35. bcglrofindel @ 30, no!  Responses like mine may drive away deniers, ie, pseudo-skeptics who want to generate a talking point without understanding it.  Genuine skeptics, however, are only interested in apples to apples comparisons.  If the IPCC plotted only the expected temperature increase due to green house gases (and did not include the temperature decrease due to aersols), they will want to know that, and want to plot "the temperature increase due to GHG" against the IPCC projections (and will note, unfortunately that no thermometers are only able to distinguish temperature changes due to greenhouse gases).  Alternatively, they will want to plot the actual temperature increase against either the IPCC FAR projections adjusted to match the actual change in forcing, or against that scenario which most closely matches the actual change in forcings (scenario B for overall forcings).  Further, they will want the reasons for those particular comparisons discussed rather than being presented with an unexplained graph that will only mislead the unwary.

    Despite this, you persist in wanting a temperature comparison with the BAU projections despite the known fact that emmissions did not follow the BAU scenario, and the change in forcing between 1990 and 2011 matches the much lower value of scenario B.

  36. It's very important to remember that the scenario projections _are not predictions_! The only 'prediction'(more correctly a conclusion) from the climate model is that of the _relationship_ between emissions and climate change. The only appropriate test is to examine whether the relationship embodied in the physics of the models holds between actual emissions and observed temperatures, not between observations from actual emissions and 'what if' scenarios with wholly different GHG histories.

    Complaining about a mismatch between observations and model projections from scenarios that didn't occur, as is so common from 'skeptics', is nothing more than a strawman argument, a logical fallacy.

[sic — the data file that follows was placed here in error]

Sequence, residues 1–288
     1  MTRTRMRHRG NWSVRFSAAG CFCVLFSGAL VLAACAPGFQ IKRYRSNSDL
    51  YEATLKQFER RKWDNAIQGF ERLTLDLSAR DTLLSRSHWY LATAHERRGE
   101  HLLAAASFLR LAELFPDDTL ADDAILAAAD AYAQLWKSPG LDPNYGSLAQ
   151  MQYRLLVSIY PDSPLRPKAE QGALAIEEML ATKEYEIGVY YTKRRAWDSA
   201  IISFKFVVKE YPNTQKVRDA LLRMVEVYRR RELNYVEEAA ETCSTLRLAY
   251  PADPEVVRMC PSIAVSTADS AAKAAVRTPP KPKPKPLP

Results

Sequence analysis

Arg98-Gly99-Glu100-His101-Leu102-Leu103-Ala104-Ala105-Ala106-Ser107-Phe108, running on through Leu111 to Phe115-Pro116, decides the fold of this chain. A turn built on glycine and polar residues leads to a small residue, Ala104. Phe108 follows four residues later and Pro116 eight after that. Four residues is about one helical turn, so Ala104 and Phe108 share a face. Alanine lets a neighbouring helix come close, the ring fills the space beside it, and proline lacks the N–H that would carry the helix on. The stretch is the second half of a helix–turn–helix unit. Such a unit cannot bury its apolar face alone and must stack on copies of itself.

37. As a followup to KR's last sentence, you can get a look at what a pseudo-skeptic does with this comparison by looking at this Skeptical Science post about Pat Michaels.

  38. @KR thanks, the graph there is pretty much exactly what I was wanting to track down. When it was in the gif with a dozen other graphs I failed to pick it out specifically.

    @Tom Curtis, I understand being enthusiastic when you are passionate about something, but your posts are all coming across way overly aggressive. So much so you don't really even seem to have bothered with reading my actual requests as I never insisted on the BAU scenario comparison, but just any comparison to the entirety of the scenarios used in the FAR including bau, b, c, and d. 

    @All

    IMHO I don't quite agree with the vehement insistance on rejecting the initial query itself. KR's second last post and in particular his source are pretty much exactly what I was looking for from the start. I hadn't thought I'd asked the question that badly? The extensive insistence that we should discourage people from making the query at all, and even further should be shaming them for asking it is, well, wrong. That approach is going to just drive away most people and as likely as not they'll take the extreme defensiveness as proof the claim is true. Meanwhile, the reality is that plotting temp against the FAR scenarios places reality having fallen HOTTER hotter than FAR BAU at 1.5 sensitivity.

    Additionally, insisting that under NO CIRCUMSTANCES no circumstances was reality anywhere near even the most optimistic of the FAR's assumptions and scenarios is basically telling a skeptic they were right all along, and exactly the OPPOSITE opposite tactic I'd think should be taken.